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XSurgical Touts MTEC Membership and Future in Surgical Robotics

XSurgical is developing a remote-controlled surgical robot that could potentially be deployed in situations of disaster recovery, battlefields, and space.

XSurgical, a firm that is developing a remote-controlled surgical robot technology, has been accepted for membership into the Medical Technology Enterprise Consortium (MTEC). MTEC operates as a biomedical technology consortium that collaborates with multiple government agencies to foster integrated research partnerships in an effort to speed up the development of medical technology solutions for military, veterans, and the civilian population.

“The consortium will allow us to collaborate with biomedical technology colleagues at different companies, as well as with multiple government agencies in order to foster integrated research partnerships that will enhance and speed up our development,” said XSurgical CEO Ginauca De Novi. “XSurgical is committed to bringing surgical robotics to the next level. We created our headquarters in Cambridge, Massachusetts to harness the leading research, innovation, and talent that comes from the world class universities that are affiliated with the most advanced teaching hospitals in the world.”

The company has developed two iterations of remote-controlled surgical robots, aptly names Alpha and Beta, but is now focusing on a third iteration known as Gamma. Gamma will use artificial intelligence to make the robot more efficient, in an effort to create a technology that will allow robots to be fully autonomous. This will enable robotic surgical technologies to operate outside of traditional operating rooms, bringing surgery to places where it is both needed, and traditionally unavailable.

“The Gamma iteration will draw heavily from what we’ve already accomplished in the development of the last two surgical robots,” De Novi said. “The most important difference with the Gamma iteration is that it will be able to go beyond the minimally invasive set of procedures to an advanced set of open surgical procedures. These could include, but are not limited to, hemorrhage control, craniofacial traumas, and eventually for all types of injuries that lead to complications when not treated in the first few hours.”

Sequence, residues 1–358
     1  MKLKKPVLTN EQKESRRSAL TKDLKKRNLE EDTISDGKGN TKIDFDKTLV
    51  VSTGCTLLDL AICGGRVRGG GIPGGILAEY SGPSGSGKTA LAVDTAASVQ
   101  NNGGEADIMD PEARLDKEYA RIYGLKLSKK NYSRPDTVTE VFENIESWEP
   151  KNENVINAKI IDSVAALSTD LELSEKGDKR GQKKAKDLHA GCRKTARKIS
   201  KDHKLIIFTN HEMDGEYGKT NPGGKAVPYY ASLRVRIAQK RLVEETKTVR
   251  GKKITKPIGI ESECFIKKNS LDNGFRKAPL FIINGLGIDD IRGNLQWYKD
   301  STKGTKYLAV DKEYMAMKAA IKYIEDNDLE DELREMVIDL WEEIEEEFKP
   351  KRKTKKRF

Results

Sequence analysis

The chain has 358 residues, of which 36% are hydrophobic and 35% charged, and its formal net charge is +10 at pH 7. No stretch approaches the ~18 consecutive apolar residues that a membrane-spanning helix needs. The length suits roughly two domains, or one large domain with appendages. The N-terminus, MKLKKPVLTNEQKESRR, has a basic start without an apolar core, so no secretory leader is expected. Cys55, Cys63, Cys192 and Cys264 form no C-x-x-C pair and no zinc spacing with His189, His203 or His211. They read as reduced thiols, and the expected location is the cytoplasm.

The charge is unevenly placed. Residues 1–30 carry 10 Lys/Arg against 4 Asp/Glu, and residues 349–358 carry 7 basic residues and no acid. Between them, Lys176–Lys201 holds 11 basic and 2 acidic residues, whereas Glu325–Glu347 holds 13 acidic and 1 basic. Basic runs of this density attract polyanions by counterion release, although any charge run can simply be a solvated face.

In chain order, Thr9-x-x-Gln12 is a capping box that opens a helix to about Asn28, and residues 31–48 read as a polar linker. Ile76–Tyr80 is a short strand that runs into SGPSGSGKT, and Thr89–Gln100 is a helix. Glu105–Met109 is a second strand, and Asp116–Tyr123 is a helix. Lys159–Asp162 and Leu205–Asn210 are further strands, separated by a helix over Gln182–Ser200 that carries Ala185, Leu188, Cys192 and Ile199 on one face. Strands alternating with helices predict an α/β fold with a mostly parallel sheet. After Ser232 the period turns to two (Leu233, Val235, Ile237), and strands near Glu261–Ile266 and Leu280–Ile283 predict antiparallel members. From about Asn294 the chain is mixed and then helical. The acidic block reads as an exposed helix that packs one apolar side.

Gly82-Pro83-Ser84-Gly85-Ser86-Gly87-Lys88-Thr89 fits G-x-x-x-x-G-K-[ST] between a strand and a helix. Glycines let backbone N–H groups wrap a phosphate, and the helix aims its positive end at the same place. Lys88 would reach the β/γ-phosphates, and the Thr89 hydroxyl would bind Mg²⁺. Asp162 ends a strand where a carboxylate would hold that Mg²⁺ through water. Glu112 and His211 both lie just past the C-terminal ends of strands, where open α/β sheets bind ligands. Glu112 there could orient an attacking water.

Of course, one of its most important features is the ability to operated and controlled remotely, allowing it to be deployed in situations of disaster recovery, battlefield conditions, and even the potential to be used in space. The surgical robot can be guided by surgeons from remote locations, and as mentioned by De Novi, the company is working to develop artificial intelligence to make the technology fully autonomous.

“The technology could be life-saving in areas of natural disasters where access to hospitals and treatment is compromised, including third world countries,” De Novi said. “It could also be used in areas of war, enabling best in class specialist surgeons to operate remotely.”

As the company moves forward as a member of the MTEC community, it could collaborate with other MTEC members to help move the project forward. De Novi said the company plans to be quite aggressive with the development of the technology, as XSurgical expects to completely revolutionize robotic surgical technologies.

“This is the technology for tomorrow,” he said. “The integration of artificial intelligence is not an easy task in technology or in certification, but the benefits are unmistakable. Our name shows exactly what we are aiming for. The ‘X’ in the name XSurgical refers to what hasn’t been done yet.”

 

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